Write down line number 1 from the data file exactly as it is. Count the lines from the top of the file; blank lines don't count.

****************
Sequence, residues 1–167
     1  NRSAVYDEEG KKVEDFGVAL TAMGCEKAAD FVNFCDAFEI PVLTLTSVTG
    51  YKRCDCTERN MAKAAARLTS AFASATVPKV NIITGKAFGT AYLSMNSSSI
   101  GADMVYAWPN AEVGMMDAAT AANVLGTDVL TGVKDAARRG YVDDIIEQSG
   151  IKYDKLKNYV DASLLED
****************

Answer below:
Sequence, residues 1–167